You may have seen or heard the little news item this week; aggressive drivers are more likely to have bumper stickers on their vehicles.
Why is that? The theory is that these people are more territorial than average (or possessive about their private spaces). By putting stickers on their car, they proclaim it as Mine Mine Mine! Regardless, those with bumper stickers blew their horns an average of two seconds faster than those without such claims of ownership. (To get them to honk, researchers put a driver in a turn lane who stayed stopped after the light turned.)
What does this mean for cyclists? Well, it's useful for us to have a clue about who might be more aggressive. But we can assume all drivers can be aggressive, and position ourselves accordingly.
I passed two cyclists going to work one morning. (I was returning a car to work after a trip – my bike was in the back.)
The first was a Curbhugger, riding as close to the curb as possible. The lane was about 12 feet wide, and when I felt that I could pass safely, I did, without changing lanes. But it bothered me after I did it.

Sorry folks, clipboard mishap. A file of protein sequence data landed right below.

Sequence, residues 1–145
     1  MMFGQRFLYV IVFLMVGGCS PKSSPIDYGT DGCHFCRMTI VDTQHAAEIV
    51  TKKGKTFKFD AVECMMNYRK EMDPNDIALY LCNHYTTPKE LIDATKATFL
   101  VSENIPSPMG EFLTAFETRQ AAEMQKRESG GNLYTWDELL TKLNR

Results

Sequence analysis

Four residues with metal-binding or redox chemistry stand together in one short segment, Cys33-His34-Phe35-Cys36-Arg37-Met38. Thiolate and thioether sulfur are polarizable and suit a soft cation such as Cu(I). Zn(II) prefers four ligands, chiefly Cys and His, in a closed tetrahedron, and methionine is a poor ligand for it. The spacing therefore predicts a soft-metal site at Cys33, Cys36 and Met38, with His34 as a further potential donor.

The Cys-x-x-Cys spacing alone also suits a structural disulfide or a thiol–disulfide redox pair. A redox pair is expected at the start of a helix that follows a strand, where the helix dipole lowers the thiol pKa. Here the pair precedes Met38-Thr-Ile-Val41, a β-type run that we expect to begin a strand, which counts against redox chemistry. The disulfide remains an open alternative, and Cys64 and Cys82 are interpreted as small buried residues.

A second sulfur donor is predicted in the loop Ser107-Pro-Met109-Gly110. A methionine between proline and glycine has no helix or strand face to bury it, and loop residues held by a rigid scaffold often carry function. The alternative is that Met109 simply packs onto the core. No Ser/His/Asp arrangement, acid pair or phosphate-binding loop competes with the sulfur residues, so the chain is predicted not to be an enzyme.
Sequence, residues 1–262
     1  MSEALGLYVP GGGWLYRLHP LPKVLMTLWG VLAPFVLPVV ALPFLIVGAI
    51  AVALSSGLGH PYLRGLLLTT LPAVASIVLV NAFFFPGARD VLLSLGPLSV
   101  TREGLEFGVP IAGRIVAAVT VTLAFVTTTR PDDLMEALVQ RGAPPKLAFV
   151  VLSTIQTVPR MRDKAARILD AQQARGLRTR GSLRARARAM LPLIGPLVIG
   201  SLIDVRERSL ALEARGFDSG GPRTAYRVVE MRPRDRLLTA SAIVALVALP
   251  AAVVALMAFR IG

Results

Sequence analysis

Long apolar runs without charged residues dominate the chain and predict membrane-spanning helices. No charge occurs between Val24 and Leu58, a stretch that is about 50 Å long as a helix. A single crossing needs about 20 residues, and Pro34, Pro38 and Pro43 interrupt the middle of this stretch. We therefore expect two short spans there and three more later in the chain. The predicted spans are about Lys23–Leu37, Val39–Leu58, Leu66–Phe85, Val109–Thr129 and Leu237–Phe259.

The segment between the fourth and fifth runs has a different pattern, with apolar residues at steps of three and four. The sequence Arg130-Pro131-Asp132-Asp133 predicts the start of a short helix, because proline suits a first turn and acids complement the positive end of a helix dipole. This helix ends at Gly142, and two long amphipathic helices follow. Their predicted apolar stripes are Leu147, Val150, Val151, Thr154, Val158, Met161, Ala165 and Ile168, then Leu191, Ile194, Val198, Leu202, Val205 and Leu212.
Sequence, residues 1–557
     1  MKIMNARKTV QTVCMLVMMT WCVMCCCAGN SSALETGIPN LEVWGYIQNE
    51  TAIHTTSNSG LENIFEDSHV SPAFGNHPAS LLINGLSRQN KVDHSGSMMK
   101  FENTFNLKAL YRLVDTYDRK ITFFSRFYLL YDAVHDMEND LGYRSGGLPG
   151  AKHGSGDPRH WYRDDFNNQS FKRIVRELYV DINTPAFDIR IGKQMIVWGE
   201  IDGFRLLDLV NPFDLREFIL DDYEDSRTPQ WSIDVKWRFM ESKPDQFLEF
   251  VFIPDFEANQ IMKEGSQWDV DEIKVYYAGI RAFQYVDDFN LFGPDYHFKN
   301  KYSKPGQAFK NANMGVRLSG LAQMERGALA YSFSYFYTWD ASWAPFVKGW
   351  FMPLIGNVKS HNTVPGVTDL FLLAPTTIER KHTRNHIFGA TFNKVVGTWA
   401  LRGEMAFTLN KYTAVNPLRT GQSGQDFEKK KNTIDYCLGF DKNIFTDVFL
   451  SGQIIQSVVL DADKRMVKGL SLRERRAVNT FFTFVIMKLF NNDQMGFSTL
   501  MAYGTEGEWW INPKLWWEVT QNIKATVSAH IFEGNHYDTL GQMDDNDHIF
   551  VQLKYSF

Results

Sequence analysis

The second was 2-3 feet from the curb. To get past, I changed lanes (or at least half the lane). I felt better after passing this cyclist, because even though I had been slowed down slightly, we had both been safer because I passed wider.
And this, of course, is why I ride 2 to 3 feet from the curb ordinarily. I ride in the middle of the lane when approaching a traffic light (to encourage any drivers behind me to stay behind me, and not try to pass me) and when I'm going the speed of traffic (which happens a fair amount in downtown Atlanta). Also, I tend to ride further from the curb the faster I'm traveling, just to give myself more reaction time and more room, in case of an emergency situation. (Remember the advice, “Leave Yourself an Out”, from Driver's Ed? It applied to cyclists, too.)
I also favor roads with fewer intersections. A road along a railroad, besides being flat, will typically have few places where motorists can make a turn across my path. Since most crashes are due to turning and crossing, this makes me feel much safer.